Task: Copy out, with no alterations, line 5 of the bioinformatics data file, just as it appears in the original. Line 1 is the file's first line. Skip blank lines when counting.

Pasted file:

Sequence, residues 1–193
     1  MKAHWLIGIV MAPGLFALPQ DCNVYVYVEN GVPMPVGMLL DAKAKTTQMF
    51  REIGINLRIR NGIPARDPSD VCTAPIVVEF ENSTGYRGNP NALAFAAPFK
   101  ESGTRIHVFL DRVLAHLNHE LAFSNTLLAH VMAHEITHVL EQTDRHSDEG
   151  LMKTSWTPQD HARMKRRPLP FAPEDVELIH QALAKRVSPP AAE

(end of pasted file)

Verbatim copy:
   151  LMKTSWTPQD HARMKRRPLP FAPEDVELIH QALAKRVSPP AAE